Errol Abada Gatumbato

Captive-bred threatened species await reintroduction

Philippine spotted deer and other threatened species await reintroduction

By: Errol A. Gatumbato

The critically endangered Philippine spotted deer*

The critically endangered Philippine spotted deer*

The captive breeding initiative of the Philippines Biodiversity Conservation Programme, formerly administered by the Fauna and Flora International and now by the Philippines Biodiversity Conservation Foundation, in partnership with the Negros Forest and Ecological Foundation, Silliman University and West Visayas State University has successfully produced several threatened species that are already at the brink of extinction in the wild. These species include the highly threatened Philippine spotted deer, Visayan warty pigs, Visayan tarictic hornbill and several others. The initiative is aimed at breeding threatened species with the end view of releasing them back to their original habitat.

Usually, captive breeding is an important conservation initiative in a situation when the population of a particular species in the wild is already suspected to be limited. Breeding areas are also utilized for awareness and education of threatened endemic species and biodiversity, in general. The reintroduction is not as simple as just releasing the animals to the wild. There are many factors to be considered, foremost of which is the availability of vacant habitats. Vacant habitat refers to a place where the species to be reintroduced once dwelled, but where none of its kind exists anymore. If a species is released in an area where its population still lives, it is called restocking.

It is recommended that animals bred in captivity be reintroduced into vacant habitat instead of restocking, to avoid possible contamination of whatever imperfection of species produced out of captive breeding to natural stocks. Another purpose of reintroduction is to repopulate species that have become extinct in a particular habitat. The other important consideration is the range of vacant habitat, a vital concern because certain wildlife species requires a much larger area to survive. If other land uses, particularly agriculture and human settlement for example, already fragment the vacant habitats, the likelihood of species to survive may be affected, too.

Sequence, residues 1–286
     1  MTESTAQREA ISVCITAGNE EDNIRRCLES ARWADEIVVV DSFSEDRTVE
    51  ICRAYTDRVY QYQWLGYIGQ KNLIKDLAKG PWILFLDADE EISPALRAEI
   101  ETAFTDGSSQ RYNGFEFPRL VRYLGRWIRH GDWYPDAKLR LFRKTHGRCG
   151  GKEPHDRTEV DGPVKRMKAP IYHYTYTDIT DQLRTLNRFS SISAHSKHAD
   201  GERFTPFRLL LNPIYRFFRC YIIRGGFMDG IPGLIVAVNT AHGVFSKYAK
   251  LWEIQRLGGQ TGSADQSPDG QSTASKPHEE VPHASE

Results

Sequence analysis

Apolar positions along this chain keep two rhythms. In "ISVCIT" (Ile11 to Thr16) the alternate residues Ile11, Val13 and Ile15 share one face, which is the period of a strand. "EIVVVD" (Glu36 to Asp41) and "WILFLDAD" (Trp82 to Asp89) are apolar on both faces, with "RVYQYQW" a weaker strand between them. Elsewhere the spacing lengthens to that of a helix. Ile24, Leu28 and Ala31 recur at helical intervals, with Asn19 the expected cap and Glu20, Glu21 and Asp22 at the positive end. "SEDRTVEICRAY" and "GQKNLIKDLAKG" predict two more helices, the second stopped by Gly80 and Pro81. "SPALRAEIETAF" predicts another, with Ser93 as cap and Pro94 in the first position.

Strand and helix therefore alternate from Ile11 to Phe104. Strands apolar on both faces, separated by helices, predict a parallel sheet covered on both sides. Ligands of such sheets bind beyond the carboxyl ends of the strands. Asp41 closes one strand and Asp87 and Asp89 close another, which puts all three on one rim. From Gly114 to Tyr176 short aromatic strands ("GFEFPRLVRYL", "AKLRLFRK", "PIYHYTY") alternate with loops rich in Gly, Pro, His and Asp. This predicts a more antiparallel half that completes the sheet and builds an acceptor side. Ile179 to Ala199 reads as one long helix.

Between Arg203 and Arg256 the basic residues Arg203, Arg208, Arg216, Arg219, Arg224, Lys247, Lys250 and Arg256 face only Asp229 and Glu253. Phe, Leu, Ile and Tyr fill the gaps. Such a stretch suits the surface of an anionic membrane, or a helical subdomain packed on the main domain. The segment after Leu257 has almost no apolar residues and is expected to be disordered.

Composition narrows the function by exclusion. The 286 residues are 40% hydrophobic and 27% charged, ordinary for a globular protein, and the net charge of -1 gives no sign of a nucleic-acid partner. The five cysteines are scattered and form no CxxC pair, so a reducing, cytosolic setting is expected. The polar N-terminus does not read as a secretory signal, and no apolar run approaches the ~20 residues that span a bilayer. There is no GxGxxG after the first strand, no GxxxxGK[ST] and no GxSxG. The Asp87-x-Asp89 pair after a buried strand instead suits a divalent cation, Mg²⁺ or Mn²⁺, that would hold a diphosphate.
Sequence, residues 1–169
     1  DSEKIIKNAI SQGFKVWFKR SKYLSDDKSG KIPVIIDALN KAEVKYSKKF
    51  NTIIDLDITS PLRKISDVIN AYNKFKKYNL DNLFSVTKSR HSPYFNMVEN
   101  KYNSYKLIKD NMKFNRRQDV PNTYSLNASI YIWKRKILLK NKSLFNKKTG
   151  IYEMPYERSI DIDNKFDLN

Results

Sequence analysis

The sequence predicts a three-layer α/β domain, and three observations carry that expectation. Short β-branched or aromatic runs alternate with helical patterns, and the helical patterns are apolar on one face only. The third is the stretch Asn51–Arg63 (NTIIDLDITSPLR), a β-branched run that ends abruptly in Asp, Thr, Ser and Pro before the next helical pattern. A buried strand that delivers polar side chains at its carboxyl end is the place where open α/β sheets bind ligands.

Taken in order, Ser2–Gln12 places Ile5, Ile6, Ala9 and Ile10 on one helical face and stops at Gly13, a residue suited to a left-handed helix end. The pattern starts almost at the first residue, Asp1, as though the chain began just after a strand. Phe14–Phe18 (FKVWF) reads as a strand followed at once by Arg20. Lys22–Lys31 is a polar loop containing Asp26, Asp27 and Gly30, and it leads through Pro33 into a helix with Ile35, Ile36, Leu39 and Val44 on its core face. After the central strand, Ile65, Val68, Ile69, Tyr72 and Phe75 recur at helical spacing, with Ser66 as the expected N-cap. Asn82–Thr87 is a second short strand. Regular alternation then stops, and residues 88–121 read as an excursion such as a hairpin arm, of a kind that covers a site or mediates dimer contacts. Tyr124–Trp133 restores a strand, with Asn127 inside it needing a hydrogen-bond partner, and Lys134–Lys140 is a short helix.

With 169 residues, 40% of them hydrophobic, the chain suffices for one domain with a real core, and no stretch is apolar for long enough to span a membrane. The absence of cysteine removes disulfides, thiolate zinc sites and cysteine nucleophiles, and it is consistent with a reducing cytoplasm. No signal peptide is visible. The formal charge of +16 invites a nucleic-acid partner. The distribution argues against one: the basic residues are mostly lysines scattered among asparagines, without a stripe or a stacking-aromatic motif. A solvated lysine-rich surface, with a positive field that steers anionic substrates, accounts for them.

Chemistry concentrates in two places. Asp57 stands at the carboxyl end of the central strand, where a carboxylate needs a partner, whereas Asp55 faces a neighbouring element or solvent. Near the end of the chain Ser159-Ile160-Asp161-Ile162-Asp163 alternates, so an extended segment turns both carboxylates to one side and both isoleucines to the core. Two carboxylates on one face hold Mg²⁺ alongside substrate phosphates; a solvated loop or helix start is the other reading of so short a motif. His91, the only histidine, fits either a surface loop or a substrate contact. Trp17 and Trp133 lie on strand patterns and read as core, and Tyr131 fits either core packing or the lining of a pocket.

Other considerations associated with needs of a particular species, such as availability of food plants and water sources, have to be evaluated properly before the reintroduction. As such, site suitability assessments should be carried carefully to ensure that reintroduced species would eventually increase in numbers. Social acceptability is also an important element in reintroduction. How safe is the reintroduction site in terms of wildlife poaching, hunting, slash and burn farming, all forms of pollution and other destructive practices? Several species ready for introduction, such as the Philippine spotted deer and the Visayan warty pigs are heavily hunted because of their meat, and the question remains if communities surrounding the reintroduction site are ready to embrace the very purpose of wildlife reintroduction.

Negros is an ideal site for reintroduction because it is one of the islands of the Philippines, where a good number of endemic species are already threatened to extinction in the wild. The destruction of habitat and extensive wildlife hunting and poaching are primary reasons why many endemic species in Negros are already included in the Red List of Threatened Species of the IUCN-World Conservation Union and the Department of Environment and Natural Resources. Unfortunately, the restoration of habitats is also a difficult task because former forested areas are already converted into other land uses. Similarly, remaining habitats are not yet fully secured and are still under threats of destructive human activities.


September 13, 2009 - Posted by | Species Conservation

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